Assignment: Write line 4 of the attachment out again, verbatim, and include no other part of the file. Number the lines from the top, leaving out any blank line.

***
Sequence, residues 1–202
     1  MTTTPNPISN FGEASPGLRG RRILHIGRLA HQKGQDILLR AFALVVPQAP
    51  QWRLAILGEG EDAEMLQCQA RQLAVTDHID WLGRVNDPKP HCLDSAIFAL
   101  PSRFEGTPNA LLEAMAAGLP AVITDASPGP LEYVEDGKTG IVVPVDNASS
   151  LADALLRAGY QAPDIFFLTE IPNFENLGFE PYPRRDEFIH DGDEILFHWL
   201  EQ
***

   101  PSRFEGTPNA LLEAMAAGLP AVITDASPGP LEYVEDGKTG IVVPVDNASS